Phew, well, things are getting very busy. I’m hopping back and forth between two lots of TV plotting, comic plotting, radio writing and novel writing, but it’s all stuff I’m really enthused about and enjoying, and all with serious goals in sight. It’s just a joy getting up in the morning at the moment.
First of all, I should thank dear old (author of repute) Neil Gaiman, who was kind enough to put in a plug for ‘Human Nature’ this morning, over at his blog:
The reason he mentions it is that we’re now in Hugo Award nomination season, and he’d like to see it represented in the category of Best Dramatic Wossname. Thank you very much, Neil. That’s was a tenner well spent.
I’d also like to mention something huge that’s going to happen in my home town this summer. The Hush Festival takes place just about outside my window over the weekend of 25th-27th July. It’s a full on new rock festival, with camping available, and I’ve heard tell of many interesting bands that are going to be announced in the next few weeks. Registration is on an incline scheme, getting more expensive as the dates approach, but right now it’s just £30 for a huge load of music. At the moment the announced bands are serious NME and upcoming names like Vince Vincent and the Villains, the Alfonz, Dollshouse and the Perils. Plus all the local talent I rave about on a regular basis. But those names will also get bigger as the dates approach. Do go and have a look, and help disturb my sleep patterns this summer:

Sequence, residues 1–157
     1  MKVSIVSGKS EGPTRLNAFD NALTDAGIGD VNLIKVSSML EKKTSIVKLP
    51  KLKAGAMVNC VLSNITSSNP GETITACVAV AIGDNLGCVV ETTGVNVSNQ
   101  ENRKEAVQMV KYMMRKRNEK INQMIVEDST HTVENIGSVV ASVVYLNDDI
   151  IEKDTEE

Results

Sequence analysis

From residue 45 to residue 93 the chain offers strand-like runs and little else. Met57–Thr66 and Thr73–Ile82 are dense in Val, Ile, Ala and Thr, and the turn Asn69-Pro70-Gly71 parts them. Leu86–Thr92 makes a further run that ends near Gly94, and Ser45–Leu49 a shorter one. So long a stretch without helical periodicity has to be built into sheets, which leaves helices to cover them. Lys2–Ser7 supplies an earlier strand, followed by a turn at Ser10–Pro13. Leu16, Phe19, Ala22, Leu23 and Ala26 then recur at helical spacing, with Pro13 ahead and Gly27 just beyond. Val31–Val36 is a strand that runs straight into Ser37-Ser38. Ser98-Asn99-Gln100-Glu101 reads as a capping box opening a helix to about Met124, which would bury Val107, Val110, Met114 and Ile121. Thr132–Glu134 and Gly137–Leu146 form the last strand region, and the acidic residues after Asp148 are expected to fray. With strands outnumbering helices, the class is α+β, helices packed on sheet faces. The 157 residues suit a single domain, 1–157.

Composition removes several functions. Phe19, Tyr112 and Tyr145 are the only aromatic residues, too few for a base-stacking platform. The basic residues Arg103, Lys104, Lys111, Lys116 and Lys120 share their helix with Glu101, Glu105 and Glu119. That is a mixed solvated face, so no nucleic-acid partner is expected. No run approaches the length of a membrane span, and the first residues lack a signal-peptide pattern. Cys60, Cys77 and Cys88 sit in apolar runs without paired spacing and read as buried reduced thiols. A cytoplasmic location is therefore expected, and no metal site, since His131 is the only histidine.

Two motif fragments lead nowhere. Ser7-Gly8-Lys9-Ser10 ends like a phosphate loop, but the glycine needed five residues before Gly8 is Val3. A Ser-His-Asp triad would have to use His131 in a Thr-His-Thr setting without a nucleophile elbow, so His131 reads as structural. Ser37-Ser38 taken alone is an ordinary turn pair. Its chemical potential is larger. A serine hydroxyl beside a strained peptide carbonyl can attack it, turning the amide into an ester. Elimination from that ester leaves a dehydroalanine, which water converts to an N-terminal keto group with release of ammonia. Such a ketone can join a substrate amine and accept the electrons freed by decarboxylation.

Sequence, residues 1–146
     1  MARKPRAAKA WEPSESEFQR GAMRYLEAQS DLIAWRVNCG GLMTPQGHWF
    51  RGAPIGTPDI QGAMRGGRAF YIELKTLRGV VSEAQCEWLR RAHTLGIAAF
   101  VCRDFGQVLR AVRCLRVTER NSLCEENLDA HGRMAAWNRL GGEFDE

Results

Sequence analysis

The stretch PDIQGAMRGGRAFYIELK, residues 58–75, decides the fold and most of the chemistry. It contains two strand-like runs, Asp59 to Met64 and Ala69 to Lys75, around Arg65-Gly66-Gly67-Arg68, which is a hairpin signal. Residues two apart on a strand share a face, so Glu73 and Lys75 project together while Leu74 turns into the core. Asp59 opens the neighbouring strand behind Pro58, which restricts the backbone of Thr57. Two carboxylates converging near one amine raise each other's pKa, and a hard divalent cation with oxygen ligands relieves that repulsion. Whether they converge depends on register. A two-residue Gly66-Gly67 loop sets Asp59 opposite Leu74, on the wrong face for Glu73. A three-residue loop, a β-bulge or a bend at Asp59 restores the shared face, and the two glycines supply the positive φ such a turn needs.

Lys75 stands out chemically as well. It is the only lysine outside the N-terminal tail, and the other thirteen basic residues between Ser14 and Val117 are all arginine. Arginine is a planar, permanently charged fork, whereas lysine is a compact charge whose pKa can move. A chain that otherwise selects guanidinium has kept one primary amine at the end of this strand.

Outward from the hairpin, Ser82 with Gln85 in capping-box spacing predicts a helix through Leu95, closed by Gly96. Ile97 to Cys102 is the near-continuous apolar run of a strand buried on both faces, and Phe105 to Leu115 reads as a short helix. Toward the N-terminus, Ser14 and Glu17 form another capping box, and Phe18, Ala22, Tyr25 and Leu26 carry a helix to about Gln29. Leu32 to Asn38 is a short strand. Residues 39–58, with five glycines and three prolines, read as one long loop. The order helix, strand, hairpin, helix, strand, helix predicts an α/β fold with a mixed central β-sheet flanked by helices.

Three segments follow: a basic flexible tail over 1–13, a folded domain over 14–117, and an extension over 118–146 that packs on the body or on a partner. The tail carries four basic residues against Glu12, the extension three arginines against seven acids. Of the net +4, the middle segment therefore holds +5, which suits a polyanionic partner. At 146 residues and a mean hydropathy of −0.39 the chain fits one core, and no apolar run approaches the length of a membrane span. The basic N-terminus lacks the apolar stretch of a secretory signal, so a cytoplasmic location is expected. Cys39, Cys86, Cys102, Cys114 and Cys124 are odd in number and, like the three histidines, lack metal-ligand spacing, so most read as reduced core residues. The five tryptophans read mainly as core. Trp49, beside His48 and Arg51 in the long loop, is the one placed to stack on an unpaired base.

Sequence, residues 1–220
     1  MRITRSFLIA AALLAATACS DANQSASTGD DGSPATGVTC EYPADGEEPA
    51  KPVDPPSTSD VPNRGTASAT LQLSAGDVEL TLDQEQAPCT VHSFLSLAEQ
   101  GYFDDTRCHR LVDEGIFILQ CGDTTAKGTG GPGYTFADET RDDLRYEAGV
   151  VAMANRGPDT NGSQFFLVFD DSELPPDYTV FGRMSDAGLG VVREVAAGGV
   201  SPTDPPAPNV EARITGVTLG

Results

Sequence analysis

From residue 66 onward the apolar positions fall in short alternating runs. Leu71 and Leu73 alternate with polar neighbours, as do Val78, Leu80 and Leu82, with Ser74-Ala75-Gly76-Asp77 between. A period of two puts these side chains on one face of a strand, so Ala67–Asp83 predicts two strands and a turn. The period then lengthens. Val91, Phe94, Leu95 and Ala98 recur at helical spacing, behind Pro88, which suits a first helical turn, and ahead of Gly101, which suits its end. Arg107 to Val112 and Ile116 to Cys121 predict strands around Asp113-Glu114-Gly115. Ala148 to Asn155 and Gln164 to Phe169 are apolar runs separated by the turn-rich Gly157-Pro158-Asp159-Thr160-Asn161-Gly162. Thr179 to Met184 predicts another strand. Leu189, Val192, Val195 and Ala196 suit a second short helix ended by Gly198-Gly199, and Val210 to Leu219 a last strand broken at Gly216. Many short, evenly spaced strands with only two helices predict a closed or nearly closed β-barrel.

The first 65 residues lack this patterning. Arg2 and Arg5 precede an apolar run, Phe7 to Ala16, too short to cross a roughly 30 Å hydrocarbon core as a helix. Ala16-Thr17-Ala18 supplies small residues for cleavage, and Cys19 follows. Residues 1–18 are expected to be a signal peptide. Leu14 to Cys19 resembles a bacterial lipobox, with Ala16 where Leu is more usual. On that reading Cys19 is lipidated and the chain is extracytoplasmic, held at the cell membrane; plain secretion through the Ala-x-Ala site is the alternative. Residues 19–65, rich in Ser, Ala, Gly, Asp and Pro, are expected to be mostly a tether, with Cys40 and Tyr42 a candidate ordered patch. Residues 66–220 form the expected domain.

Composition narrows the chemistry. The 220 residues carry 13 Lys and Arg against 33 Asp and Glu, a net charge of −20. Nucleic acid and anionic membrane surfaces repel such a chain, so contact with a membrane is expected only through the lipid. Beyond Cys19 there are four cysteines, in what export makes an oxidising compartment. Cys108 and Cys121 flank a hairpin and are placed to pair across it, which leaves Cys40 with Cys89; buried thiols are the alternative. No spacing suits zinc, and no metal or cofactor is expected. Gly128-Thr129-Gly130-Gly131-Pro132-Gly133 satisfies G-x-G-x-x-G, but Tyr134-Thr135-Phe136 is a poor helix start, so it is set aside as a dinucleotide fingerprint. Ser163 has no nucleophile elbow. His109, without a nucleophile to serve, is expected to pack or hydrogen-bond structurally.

I’ve been researching British Marvel comics hugely in the last few months… no reason… and this new blog has become something I look at very often. It’s also updated with wonderful frequency (though confusingly always has the same first entry), and deserves your support. It is It Came From Darkmoor, and is entirely about Marvel
And finally, might I say how pleased I am with the documentary on the DVD release of Doctor Who and the Silurians, which I filmed a contribution to last summer? It’s called What Lies Beneath, and for perhaps the first time it’s a DVD extra that could just about be shown on BBC4. It ventures into proper critique of the episodes: that is, it explores the political and societal backdrop against which the story was made. I think that between us we crack open a lot of interesting boxes and find things inside the text which nobody’s ever talked about before. Which is hard to do in terms of classic Who, the ground being very well trod. That would be the ground with boxes on it, which contain… the text. It’s teatime, I’m not a writer at the moment. And it’s quite a surprise to share a documentary with former Labour Cabinet minister and accomplished author Roy Hattersley. That was certainly a coup for the doco production team. I hope this is just the start of much more analysis on the Doctor Who DVDs. There are lots of stories still to be released which cry out for this approach.
Anyhow, I must get back to my tea, ready to gird my loins for the next working day. Until we encounter each other again, Cheerio!